My Town

This week was a long one at work, but walking home after dark tonight I remembered why I (and the great people that I work with here at the Center) do it. It was a peaceful walk on a calm spring night. As I walked first down our sleepy rural Main Street, past our small public library and onto a dark residential street, I thought about the farm bill. Farm and rural policy could do something for my town. I really believe that, but for too long conscious policy decisions made in Washington have hurt my community rather than help it.

So we fought to make this farm bill better. We fought to limit commodity subsides to the biggest farms who do little good and much harm in the Heartland. We fought for real and meaningful investment in rural development, money to help foster small businesses in rural communities. We fought to limit corporate control over our family livestock farmers and ranchers. And, well, folks, we came up short. And that can be frustrating and mentally draining.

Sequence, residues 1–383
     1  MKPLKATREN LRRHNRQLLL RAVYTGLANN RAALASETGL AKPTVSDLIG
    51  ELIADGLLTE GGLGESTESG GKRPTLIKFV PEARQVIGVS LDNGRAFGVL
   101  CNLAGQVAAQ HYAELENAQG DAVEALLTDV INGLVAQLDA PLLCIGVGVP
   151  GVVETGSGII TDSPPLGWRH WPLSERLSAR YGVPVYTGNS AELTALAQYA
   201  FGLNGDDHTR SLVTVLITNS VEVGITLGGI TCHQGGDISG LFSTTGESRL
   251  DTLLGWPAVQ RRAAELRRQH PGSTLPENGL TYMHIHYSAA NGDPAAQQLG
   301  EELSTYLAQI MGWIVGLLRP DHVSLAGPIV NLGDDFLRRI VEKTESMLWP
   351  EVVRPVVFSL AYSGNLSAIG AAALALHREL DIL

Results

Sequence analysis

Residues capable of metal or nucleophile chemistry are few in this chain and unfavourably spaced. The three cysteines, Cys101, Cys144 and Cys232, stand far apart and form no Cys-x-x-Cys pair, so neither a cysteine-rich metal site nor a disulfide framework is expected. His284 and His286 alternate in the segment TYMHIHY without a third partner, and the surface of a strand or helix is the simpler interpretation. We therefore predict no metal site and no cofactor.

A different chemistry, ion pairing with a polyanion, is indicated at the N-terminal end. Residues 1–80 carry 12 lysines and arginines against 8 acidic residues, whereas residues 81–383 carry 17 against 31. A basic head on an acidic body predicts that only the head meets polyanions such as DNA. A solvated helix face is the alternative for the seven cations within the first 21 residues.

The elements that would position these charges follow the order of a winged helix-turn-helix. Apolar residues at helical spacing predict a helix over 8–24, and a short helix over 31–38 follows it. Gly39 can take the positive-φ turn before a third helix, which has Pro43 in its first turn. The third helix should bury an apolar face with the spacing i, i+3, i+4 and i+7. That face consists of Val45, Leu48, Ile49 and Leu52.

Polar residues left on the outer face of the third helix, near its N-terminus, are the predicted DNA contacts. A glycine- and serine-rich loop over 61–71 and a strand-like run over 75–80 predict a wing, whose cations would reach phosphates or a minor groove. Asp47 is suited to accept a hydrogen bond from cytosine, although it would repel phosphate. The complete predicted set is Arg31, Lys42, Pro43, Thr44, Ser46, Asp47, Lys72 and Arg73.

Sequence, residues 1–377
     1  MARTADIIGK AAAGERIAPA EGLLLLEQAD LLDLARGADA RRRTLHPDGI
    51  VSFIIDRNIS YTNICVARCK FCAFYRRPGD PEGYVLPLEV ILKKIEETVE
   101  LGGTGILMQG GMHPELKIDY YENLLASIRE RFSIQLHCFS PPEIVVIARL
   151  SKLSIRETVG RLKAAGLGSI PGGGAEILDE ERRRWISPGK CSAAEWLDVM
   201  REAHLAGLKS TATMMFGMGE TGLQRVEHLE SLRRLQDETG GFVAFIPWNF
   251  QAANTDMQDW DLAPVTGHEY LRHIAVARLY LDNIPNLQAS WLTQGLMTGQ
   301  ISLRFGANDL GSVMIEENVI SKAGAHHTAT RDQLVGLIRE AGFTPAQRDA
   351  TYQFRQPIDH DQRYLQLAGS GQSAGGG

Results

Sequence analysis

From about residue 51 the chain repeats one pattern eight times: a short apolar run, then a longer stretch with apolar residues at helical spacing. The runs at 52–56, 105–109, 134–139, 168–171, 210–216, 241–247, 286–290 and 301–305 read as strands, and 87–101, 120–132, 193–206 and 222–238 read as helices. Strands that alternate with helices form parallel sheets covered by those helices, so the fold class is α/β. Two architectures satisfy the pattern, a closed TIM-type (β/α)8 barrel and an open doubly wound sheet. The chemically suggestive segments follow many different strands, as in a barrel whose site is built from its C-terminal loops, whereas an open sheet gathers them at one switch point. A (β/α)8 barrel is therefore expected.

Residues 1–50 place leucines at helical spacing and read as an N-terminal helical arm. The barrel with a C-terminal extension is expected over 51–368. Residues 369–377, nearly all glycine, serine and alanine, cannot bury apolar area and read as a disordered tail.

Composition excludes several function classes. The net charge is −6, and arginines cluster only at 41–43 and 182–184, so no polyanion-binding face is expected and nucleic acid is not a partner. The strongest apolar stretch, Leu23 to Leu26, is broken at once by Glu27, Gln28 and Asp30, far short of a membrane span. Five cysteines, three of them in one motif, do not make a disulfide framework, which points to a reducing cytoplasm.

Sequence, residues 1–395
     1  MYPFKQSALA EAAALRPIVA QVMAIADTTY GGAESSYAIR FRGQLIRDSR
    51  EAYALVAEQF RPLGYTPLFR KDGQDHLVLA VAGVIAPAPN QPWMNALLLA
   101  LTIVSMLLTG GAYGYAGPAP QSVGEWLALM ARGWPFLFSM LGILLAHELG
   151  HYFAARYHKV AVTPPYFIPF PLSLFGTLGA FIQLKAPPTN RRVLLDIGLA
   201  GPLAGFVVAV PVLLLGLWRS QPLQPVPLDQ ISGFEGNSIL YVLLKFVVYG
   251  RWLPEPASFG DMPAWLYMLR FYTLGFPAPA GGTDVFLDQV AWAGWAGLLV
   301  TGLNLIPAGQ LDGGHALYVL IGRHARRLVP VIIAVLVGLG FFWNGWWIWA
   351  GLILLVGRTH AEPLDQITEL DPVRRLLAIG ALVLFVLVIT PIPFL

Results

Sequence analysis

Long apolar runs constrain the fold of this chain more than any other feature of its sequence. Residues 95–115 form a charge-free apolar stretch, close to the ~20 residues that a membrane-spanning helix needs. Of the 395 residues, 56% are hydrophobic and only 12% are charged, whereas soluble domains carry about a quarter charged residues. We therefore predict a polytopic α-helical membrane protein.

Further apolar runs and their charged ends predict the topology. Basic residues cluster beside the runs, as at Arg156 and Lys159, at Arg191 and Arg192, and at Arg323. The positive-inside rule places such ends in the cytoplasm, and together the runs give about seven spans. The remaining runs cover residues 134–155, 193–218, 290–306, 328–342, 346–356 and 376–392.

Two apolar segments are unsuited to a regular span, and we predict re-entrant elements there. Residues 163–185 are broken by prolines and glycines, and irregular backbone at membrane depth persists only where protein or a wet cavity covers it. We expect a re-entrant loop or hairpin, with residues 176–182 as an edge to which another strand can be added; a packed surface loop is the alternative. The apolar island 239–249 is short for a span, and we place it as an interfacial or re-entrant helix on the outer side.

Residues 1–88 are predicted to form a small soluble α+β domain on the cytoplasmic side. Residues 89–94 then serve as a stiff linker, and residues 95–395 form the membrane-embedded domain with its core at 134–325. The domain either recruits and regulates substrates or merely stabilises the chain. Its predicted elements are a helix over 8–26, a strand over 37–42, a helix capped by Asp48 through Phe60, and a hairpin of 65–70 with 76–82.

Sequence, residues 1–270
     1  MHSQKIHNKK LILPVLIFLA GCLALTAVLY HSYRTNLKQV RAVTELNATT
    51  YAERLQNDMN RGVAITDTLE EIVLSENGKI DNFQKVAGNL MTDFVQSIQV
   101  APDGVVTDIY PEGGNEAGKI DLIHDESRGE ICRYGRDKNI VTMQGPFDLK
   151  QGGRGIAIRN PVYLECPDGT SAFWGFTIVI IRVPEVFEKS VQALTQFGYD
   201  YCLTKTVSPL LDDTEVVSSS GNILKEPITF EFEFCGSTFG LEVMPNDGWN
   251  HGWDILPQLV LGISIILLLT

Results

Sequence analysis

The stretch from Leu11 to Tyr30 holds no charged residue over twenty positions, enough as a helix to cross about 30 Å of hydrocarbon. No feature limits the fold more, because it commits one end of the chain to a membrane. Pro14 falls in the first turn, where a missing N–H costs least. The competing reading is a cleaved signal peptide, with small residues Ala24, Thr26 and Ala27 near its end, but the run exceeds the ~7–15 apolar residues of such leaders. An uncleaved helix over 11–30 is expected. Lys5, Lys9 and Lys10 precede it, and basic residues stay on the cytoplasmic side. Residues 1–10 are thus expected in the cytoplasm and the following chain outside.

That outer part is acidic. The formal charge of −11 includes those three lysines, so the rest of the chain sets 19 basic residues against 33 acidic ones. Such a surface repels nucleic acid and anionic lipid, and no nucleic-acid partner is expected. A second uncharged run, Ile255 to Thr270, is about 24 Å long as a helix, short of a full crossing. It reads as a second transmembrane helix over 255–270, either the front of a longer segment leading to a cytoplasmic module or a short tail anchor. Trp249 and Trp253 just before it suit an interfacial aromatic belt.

But my town is worth it, and rural America is worth it. And that is why the effort to bring fundamental reform to the farm bill is not wasted effort.

The message from many on this farm bill is that the wins (and there are wins) were not as great as we would have liked, but we should support the bill anyway because it is better than an extension of the current bill. Wait till next time, the argument goes, next time we will be able to build on these wins and maybe achieve some more meaningful reform. I'm not all that old, but I am old enough to know that wait almost always means never.

I reflected on all of this as I walked home. Past houses with lights on, and houses without lights on, and past houses where no one lives anymore. There are too many of those last kind on the walk between my house and our office. And that is precisely why my town can't wait. Can't wait five more years that turns into 10 more years. Because in 10 years there will be fewer farmers in my county, fewer jobs in my town and more empty houses.

We can do better for farmers and rural people, and I rest well tonight knowing we are standing up for a right and just cause. We -- and many readers of this blog should count themselves as part of that we -- stood up for what was right. And we gave them a hell of a fight. In the end that is the only way we will win.

Six short blocks later, and a third of the way across town, I was home.

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